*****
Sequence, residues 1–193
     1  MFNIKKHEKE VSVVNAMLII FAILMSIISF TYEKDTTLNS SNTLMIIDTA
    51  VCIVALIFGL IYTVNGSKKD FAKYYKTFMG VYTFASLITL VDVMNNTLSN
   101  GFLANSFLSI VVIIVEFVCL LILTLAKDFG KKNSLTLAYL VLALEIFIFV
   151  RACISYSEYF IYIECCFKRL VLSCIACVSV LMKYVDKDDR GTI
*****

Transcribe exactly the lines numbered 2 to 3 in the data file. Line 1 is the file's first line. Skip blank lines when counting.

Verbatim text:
     1  MFNIKKHEKE VSVVNAMLII FAILMSIISF TYEKDTTLNS SNTLMIIDTA
    51  VCIVALIFGL IYTVNGSKKD FAKYYKTFMG VYTFASLITL VDVMNNTLSN